2 Local Dependency Dynamic Programming 52.1 Definitions . . . . . . . . . . . . . . . . . . . . . . . . . . . . . . . 52.2 Previous Results . . . . . . . . . . . . . . . . . . . . . . . . . . . . 62.3 Our Approach Based on Previous Results . . . . . . . . . . . . . 9

    3 Graphics Processing Units 113.1 GPU Architecture . . . . . . . . . . . . . . . . . . . . . . . . . . . 113.2 Memory . . . . . . . . . . . . . . . . . . . . . . . . . . . . . . . . 133.3 Best Practices . . . . . . . . . . . . . . . . . . . . . . . . . . . . . 14

    4 Parallel Layouts for LDDP 154.1 Diagonal Wavefront . . . . . . . . . . . . . . . . . . . . . . . . . . 164.2 Column-cyclic Wavefront . . . . . . . . . . . . . . . . . . . . . . 174.3 Diagonal-cyclic Wavefront . . . . . . . . . . . . . . . . . . . . . . 184.4 Applying Layouts to the GPU Architecture . . . . . . . . . . . . 194.5 Summary and Discussion . . . . . . . . . . . . . . . . . . . . . . 20

    5 Implementing LDDP on GPUs 235.1 Grid-level . . . . . . . . . . . . . . . . . . . . . . . . . . . . . . . 235.2 Thread-level . . . . . . . . . . . . . . . . . . . . . . . . . . . . . . 235.3 Space Constraints . . . . . . . . . . . . . . . . . . . . . . . . . . . 28

    6 Experimental Results for Grid-level 316.1 Setup . . . . . . . . . . . . . . . . . . . . . . . . . . . . . . . . . . 316.2 Results . . . . . . . . . . . . . . . . . . . . . . . . . . . . . . . . . 32

    7 Experimental Results for Thread-level 377.1 Setup . . . . . . . . . . . . . . . . . . . . . . . . . . . . . . . . . . 377.2 Results for Forward Pass Kernels . . . . . . . . . . . . . . . . . . 377.3 Results for Backward Pass Kernel . . . . . . . . . . . . . . . . . . 417.4 Part Conclusion . . . . . . . . . . . . . . . . . . . . . . . . . . . . 42

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  • CONTENTS

    8 Performance Evaluation 438.1 The Potential of Solving LDDP Problems on GPUs . . . . . . . . 438.2 Comparing to Similar GPU Solutions . . . . . . . . . . . . . . . . 44

    9 Conclusion 459.1 Future Work . . . . . . . . . . . . . . . . . . . . . . . . . . . . . . 45

    Bibliography 47

    Appendices 51

    A NVIDIA GPU Data Sheets 53A.1 NVIDIA Tesla C2070 . . . . . . . . . . . . . . . . . . . . . . . . . 53A.2 NVIDIA GeForce GTX 590 . . . . . . . . . . . . . . . . . . . . . . 54

    B Kernel Source Code 55B.1 Forward pass kernels . . . . . . . . . . . . . . . . . . . . . . . . . 55

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  • 1 INTRODUCTION

    We revisit the classic algorithmic problem of comparing strings, includingsolving sequence alignment, edit distance and finding the longest commonsubsequence. In many textural information retrieval systems, the exact com-parison of large-scale strings is an important, but very time consuming task.As an example, the exact alignment of huge biological sequences, such asgenes and genomes, has previously been infeasible due to computing andmemory requirements. Consequently, much research effort has been investedin faster heuristic algorithms1 for sequence alignment. Although these meth-ods are faster than exact methods, they come at the cost of sensitivity. How-ever, the rise of new parallel computing platforms such as graphics processingunits, are able to change this scenario.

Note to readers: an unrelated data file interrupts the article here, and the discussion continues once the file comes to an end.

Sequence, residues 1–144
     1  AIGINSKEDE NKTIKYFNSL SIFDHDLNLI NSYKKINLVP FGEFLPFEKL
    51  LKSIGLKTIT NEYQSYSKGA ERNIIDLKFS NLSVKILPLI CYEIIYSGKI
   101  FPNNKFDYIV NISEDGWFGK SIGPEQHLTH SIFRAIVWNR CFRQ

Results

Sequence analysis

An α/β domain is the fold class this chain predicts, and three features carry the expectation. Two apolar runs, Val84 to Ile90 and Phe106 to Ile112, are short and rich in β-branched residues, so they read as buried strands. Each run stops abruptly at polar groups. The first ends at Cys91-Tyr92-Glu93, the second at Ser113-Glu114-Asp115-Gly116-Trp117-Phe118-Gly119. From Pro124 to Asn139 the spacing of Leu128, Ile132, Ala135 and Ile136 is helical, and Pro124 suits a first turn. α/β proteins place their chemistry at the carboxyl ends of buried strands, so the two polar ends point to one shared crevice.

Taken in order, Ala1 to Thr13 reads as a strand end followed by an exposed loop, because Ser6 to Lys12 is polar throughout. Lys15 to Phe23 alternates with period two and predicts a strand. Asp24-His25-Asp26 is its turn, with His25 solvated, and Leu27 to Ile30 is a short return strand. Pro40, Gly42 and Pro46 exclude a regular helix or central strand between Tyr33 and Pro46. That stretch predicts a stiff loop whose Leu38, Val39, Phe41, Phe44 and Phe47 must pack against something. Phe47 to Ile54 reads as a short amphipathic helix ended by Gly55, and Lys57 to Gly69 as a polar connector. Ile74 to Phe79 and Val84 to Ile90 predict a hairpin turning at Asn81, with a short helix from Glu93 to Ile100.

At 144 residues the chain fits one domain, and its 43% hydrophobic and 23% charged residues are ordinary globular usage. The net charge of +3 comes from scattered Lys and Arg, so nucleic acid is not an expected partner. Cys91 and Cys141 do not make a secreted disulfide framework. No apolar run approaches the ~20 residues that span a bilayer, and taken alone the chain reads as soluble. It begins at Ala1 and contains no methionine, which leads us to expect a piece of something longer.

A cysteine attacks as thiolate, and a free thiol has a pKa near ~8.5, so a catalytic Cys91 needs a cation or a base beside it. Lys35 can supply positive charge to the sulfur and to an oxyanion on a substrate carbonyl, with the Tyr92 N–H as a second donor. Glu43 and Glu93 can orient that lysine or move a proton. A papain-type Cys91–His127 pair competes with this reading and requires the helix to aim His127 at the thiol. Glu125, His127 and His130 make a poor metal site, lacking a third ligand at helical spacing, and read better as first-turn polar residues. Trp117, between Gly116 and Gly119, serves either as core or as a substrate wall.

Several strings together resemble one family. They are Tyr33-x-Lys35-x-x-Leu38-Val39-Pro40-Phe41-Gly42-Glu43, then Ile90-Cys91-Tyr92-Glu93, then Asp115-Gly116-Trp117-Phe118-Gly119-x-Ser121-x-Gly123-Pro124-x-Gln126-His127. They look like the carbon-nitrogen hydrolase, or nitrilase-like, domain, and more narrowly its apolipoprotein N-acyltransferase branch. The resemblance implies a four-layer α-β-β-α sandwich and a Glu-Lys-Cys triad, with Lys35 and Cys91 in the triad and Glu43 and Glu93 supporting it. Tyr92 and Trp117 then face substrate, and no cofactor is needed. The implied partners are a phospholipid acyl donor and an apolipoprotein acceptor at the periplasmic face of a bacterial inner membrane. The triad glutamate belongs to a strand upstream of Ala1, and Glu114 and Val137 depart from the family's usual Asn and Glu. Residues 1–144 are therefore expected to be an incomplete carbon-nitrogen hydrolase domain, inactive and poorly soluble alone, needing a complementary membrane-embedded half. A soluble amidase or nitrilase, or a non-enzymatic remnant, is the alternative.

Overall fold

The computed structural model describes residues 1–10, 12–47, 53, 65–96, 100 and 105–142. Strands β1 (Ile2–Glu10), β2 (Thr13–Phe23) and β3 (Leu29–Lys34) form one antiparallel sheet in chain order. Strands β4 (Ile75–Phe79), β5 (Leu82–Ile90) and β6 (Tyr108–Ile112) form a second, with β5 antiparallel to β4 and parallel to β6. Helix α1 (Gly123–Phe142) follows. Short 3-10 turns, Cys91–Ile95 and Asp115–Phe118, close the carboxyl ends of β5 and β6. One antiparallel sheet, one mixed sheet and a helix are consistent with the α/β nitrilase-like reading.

Graphics processing units (GPUs) are designed for graphics applications,having a large degree of data parallelism using hundreds of cores, and aredesigned to solve multiple independent parallel tasks. Previous results foraccelerating sequence alignment using GPUs show a significant speedup, butare currently focused on aligning many independent short sequences, a prob-lemwhere the GPU architecture excel. Our focus, is based on the need to solvelarge-scale exact pairwise string comparison of biological sequences contain-ing millions of symbols.

    Our work is motivated by the increasing power of GPUs, and the chal-lenge of making exact comparison of large strings feasible. We consider par-allelization of a general set of pairwise string comparison algorithms, all solv-able using essentially the same dynamic programming scheme over a twodimensional-matrix. Taking two input strings X and Y of the same length n,these problems can be solved by computing all entries in an n n matrix us-ing a specific cost function. Computation of an entry in the matrix dependson the neighboring entries. We generalize all these problems as local depen-dency dynamic programming (LDDP). In general, LDDP problems are not triv-ially solved in parallel, as the local dependencies gives a varying degree ofparallelism across the entire problem space.

    The parallelism of a GPU is exposed as a coarse-grained grid of blocks,where each block consists of finer-grained threads. We call these levels of par-allelism the grid- and thread-level. We focus on layouts as a mean to describehow LDDP problems can be mapped to the different levels on the GPU.

    1One of the first heuristic algorithms for sequence alignment was FASTA, presented by Pear-son and Lipman in 1988 [2].

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  • 1. INTRODUCTION

    1.1 This Report

    We start by presenting a short description of our work. The following chap-ter gives a theoretical introduction to LDDP problems, including a survey ofprevious sequential and parallel solutions. Based on this, we sel